Friday, October 22, 2004

Deadbeat dads given chance to prove their innocence

In California, a man can be sued for child support without ever being served papers, and ordered to pay child support without ever appearing in court. It gets worse:
Mr. Riddick said he was assigned a child support payment by default after a woman he knew named him the father of her child. The 1994 payment grew over time to $1,400 per month for the past four years.
Mr. Riddick said he found out he wasn't the father in 1996 after he was arrested as "a deadbeat dad." The criminal-court judge ordered DNA testing for Mr. Riddick, the mother and the child. "It showed I had a 0 percent chance of being the father of this child," he said.
The criminal-court judge threw out the charge, but when Mr. Riddick tried to get his child- support order overturned in civil court, state officials refused.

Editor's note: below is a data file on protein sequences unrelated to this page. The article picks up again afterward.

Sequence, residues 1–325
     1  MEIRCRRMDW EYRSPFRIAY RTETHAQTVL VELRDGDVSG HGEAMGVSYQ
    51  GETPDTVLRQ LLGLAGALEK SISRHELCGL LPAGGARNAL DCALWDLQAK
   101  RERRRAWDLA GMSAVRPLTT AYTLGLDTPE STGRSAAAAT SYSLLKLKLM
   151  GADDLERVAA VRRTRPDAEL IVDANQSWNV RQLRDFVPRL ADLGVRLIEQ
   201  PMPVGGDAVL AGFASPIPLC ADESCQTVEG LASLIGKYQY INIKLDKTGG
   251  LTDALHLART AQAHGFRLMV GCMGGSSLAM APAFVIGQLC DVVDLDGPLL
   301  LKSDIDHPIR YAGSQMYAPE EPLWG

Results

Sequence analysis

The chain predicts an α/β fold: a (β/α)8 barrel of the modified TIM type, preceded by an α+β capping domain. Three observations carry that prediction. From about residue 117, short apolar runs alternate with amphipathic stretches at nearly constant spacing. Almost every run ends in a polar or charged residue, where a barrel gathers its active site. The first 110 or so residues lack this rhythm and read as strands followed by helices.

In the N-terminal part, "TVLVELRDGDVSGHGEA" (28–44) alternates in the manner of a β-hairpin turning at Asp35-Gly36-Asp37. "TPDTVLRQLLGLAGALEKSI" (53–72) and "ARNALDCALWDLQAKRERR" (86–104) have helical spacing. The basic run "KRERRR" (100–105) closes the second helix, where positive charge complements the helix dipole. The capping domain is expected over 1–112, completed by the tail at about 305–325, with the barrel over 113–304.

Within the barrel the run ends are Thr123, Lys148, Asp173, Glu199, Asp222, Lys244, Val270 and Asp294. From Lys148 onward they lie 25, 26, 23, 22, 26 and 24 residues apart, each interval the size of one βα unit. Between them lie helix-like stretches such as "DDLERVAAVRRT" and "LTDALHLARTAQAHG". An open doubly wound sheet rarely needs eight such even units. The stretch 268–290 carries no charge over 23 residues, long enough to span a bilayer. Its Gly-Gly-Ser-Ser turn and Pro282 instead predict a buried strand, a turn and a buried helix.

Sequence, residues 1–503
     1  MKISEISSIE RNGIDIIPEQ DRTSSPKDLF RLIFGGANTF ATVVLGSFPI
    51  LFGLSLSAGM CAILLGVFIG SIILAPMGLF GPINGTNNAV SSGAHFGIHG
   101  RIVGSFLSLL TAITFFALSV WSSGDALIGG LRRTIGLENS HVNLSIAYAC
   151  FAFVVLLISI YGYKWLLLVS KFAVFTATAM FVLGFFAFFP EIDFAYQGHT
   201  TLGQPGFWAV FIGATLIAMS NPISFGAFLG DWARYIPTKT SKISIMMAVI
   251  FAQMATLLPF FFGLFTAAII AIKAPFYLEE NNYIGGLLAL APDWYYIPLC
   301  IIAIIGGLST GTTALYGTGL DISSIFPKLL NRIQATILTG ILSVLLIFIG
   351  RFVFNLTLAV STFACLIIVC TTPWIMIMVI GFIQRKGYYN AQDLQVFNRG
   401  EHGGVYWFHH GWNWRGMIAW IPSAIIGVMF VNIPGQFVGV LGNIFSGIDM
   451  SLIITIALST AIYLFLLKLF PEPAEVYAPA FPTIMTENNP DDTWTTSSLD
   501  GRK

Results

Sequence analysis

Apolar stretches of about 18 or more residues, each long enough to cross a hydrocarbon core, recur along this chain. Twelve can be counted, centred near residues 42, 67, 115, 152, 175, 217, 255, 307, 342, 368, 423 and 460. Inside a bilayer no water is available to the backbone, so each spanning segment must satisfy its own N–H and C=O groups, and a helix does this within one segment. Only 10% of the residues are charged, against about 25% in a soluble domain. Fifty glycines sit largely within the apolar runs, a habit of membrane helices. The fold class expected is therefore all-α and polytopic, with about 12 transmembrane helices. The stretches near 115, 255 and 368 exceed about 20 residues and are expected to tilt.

"They said the criminal court case had nothing to do with the civil case and I would still have to pay child support for 18 years," Mr. Riddick said. "And I've never even seen this kid."
The consequences have been severe.
"Lost my home, ruined my marriage," he said, adding that the "real victims" are his biological children, whom he has been hard-pressed to support.
The Wash Times article says that:
Last week, California Gov. Arnold Schwarzenegger signed a bill to allow men to challenge the paternity of children for whom they owe support.
All of the above horrors can still happen, but at least the deadbeat dads will have a window of opportunity to prove that they are not even dads.

The family court is still a Mickey Mouse court. If it were a real court, then the alleged deadbeat dad would be entitled to its day in court, and the plaintiff would have to prove its case. He should be innocent until proven guilty.

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